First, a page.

Hari M. Osofsky, dean of Northwestern Pritzker School of Law and Myra and James Bradwell Professor of Law, keeps a few mementoes on the bookshelf behind her desk to remind her of who she is and what she values. One is a holiday greeting from a former student, which reminds her of the long-term difference one can make through mentoring people.
“I realized that students with different identities were hearing seemingly neutral advice about clerkships differently,” Osofsky said. “I helped three of my students who were women of color form a support group and successfully apply. This card meant a great deal to me because this student remembered the advice that ‘you can’t get any job you don’t apply for’ in deciding to apply ambitiously for her next job. It reinforced that our interventions can have lasting impact beyond that moment.”
Osofsky has been deeply involved in efforts to diversify legal academia, academic leadership and the profession throughout her distinguished career as a lawyer and academic, which began with a clerkship for one of her most important mentors — Judge Dorothy Wright Nelson — after her graduation from Yale Law School in 1998. Nelson served as the first female dean of the University of Southern California Law School and one of the first female federal appellate court judges.
Now, Osofsky herself is a leader who has served as the dean of two law schools and of a school of international affairs. Her tenure at Northwestern Law began last fall. At the end of her first academic year here, Northwestern Now sat down with Osofsky at her office on the Chicago campus to hear her plans for the future of the Law School.
What have you found to be special about the Northwestern Law community?
I have been particularly grateful for all the ways our community has come together and supported each other through the challenges of this year. While many schools talk about their sense of community, I hear consistently from our alumni and current students about the unusually strong and supportive community that we have here.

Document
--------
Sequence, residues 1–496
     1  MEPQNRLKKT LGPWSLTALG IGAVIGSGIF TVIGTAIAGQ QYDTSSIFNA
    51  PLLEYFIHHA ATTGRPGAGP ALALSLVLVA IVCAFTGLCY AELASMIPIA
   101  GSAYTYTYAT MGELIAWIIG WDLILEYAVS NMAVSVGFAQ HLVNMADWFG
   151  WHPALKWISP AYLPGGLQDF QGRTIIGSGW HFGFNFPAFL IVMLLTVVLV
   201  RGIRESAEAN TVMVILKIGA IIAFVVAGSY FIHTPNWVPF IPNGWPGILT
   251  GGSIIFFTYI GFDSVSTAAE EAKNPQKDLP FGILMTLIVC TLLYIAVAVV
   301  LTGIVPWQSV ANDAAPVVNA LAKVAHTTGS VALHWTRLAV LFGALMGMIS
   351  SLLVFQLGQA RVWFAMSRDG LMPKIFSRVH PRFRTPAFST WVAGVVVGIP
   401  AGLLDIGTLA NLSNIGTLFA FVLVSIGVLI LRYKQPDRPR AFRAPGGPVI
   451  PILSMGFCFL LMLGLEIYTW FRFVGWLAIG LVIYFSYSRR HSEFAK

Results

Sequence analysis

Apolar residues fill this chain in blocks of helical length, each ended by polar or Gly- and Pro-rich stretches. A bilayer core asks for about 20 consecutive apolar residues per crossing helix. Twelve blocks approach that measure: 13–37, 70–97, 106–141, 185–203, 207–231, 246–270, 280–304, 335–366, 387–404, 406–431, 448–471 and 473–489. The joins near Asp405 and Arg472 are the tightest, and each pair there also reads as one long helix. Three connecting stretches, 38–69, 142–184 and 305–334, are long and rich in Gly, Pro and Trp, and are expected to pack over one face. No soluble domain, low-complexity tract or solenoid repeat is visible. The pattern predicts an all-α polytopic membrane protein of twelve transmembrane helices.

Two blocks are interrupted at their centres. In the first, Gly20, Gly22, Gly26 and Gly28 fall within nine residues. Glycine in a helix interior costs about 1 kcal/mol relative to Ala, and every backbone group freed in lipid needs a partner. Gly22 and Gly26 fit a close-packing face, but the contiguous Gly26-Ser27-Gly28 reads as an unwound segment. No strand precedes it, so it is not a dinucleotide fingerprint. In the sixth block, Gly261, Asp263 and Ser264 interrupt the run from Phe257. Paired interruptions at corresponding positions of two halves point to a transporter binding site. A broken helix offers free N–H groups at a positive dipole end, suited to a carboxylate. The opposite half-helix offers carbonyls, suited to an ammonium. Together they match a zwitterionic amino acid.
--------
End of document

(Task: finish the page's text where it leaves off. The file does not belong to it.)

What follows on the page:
I am even more excited than when I started, because I think we are not only a great law school with tremendous strengths but also a high potential one. Our law school has a longstanding innovation tradition, and this is a moment that could not need innovation more. We have an important opportunity to make an impact as we build our next chapter.
Where do you see this law school going in the future?
We are working strategically on four main aspects of innovation for impact. First, we need to prepare our students to lead in a rapidly changing legal environment and learn from our pivots. I am creating a working group of students, faculty, staff and alumni to explore our next innovation opportunities.
Second, we have an opportunity to build upon our existing strength in interdisciplinarity; over half of our faculty are J.D.-Ph.D.s and we have innovative interdisciplinary programs. We have opportunities to grow our joint appointments across the University and collaborate more in interdisciplinary partnerships that impact the world. I created an associate dean for innovation and partnerships to help us build those connections across the University.
Third, we need to continue to make progress on diversity, equity and inclusion (DEI). It’s incredibly important that our work be concrete rather than performative. Finally, we have a longstanding commitment to advancing social justice. Our Bluhm Legal Clinic has an important impact while also training students, and we are thinking strategically about its next steps.
You’ve made progress on DEI a priority. What are some steps you’ve taken in this area?